Benefits of Hormone Therapy

Restoring hormone levels back to normal numbers can reap many benefits on men diagnosed with hypogonadism (low T).

  • Improve desire and sexual function
  • Increase bone mineral density
  • Improve mood
  • Improve cognitive function
  • Help increase muscle mass, strength, and overall body composition

Risks of Hormone Replacement Therapy

Although the negative side effects from hormone replacement therapy are relatively low, there are still risks that can happen which depend on a variety of factors such as age, life circumstances, and other medical conditions. [5]

  • Infertility
  • Cause testicular atrophy (shrinkage of the testicle)
  • Gynecomastia (enlargement of breasts, aka male breasts)
  • Encourage growth of prostate cancer
  • Cause erythrocytosis (increase the number of red blood cells in your blood)

The Final Verdict

To sum up, don’t let aging affect your life negatively. Treatment for hormone deficiencies has evolved so much. Just in the last few decades, hypogonadism was something that went undiagnosed and testosterone therapy was non-existent.

Now that symptoms for low T are more clearly defined, the process for treatment is easier. There are also more options when it comes to types of therapy.

While there is no compelling evidence that restoring testosterone levels in men with low testosterone to normal is harmful, but it’s critical that you discuss the risks and benefits of associated with having a hormone deficiency with a hormone specialist as well as how hormone replacement therapy can help you.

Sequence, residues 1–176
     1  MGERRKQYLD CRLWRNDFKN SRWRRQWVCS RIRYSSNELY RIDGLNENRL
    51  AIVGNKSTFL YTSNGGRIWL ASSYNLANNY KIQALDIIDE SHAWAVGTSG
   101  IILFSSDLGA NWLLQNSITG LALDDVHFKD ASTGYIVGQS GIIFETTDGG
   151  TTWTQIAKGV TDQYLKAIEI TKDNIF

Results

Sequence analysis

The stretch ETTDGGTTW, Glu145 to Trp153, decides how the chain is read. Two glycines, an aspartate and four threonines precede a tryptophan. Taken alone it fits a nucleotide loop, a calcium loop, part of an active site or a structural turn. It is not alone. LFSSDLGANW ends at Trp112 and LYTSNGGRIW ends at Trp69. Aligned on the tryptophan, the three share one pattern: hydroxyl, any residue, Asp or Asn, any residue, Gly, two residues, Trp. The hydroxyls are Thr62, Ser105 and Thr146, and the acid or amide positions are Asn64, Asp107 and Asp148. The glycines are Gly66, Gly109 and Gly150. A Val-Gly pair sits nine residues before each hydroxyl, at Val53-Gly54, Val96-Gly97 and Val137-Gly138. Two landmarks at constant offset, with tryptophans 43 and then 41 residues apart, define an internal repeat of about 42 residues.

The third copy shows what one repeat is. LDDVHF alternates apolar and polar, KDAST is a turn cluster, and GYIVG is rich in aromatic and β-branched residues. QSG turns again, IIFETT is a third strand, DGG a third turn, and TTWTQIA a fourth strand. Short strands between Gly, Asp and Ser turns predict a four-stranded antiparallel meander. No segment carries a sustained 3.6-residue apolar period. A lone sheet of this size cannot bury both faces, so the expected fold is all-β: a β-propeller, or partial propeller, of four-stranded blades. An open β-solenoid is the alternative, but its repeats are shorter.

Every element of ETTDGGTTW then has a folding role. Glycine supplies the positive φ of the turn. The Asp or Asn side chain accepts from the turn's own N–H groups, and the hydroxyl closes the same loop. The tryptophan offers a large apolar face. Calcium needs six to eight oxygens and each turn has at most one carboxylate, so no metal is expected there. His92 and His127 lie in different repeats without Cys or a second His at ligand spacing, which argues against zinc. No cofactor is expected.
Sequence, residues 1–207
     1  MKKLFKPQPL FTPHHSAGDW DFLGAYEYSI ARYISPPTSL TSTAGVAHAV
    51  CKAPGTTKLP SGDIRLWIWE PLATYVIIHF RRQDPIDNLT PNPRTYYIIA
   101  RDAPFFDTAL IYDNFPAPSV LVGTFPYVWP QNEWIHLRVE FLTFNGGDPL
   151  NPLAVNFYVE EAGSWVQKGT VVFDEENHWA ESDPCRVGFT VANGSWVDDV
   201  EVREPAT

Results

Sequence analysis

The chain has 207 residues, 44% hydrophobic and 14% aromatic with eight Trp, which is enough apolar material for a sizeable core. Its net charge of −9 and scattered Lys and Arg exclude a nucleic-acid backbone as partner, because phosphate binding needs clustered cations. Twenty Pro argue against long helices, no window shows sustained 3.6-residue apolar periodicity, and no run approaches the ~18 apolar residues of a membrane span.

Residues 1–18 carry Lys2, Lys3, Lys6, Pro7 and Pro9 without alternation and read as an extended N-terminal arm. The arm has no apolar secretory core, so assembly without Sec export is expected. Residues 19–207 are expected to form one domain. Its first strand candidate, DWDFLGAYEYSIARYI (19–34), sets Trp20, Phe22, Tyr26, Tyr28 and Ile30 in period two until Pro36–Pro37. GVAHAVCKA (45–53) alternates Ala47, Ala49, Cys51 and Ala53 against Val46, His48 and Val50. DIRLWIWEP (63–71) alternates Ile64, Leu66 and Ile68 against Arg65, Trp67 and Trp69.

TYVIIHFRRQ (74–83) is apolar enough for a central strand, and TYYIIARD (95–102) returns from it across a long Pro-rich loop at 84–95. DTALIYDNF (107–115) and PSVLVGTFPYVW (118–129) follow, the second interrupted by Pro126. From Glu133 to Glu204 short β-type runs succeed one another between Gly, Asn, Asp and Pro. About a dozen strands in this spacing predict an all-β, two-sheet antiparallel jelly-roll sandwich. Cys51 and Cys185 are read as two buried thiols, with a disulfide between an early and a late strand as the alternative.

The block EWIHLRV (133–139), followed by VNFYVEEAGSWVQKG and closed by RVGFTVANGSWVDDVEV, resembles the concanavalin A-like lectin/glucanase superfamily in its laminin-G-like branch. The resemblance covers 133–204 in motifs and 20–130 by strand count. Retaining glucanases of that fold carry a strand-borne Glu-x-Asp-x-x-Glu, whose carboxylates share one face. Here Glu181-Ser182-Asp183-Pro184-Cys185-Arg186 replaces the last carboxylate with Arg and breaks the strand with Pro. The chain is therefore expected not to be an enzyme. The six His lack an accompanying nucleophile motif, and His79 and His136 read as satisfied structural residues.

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Heutling, D., Lehnert, H. Hormontherapie und Anti-Aging.Β InternistΒ 49, 570–580 (2008).

Kim YC. Testosterone supplementation in the aging male. Int J Impot Res. 1999 Dec;11(6):343-52. doi: 10.1038/sj.ijir.3900446. PMID: 10637467.

Baum NH, Crespi CA. Testosterone replacement in elderly men. Geriatrics. 2007 Sep;62(9):15-8. PMID: 17824721.

Bhasin S, Buckwalter JG. Testosterone supplementation in older men: a rational idea whose time has not yet come. J Androl. 2001 Sep-Oct;22(5):718-31. PMID: 11545281.

Bhasin S, Cunningham GR, Hayes FJ, Matsumoto AM, Snyder PJ, Swerdloff RS, Montori VM. Testosterone therapy in adult men with androgen deficiency syndromes: an endocrine society clinical practice guideline. J Clin Endocrinol Metab. 2006 Jun;91(6):1995-2010. doi: 10.1210/jc.2005-2847. Epub 2006 May 23. Erratum in: J Clin Endocrinol Metab. 2006 Jul;91(7):2688. Erratum in: J Clin Endocrinol Metab. 2021 Jun 16;106(7):e2843. PMID: 16720669.


Jimmy Diaz M.S.

Jimmy Diaz M.S. | Writer

Jimmy is a Clinical Scientist from Los Angeles with a background in Chemistry and Reproductive Clinical Science. He is an adrenaline junkie who loves water, winter and wind sports. He is dedicated to advancing the field of reproductive science and providing the best patient care while also exploring new experiences and challenging himself.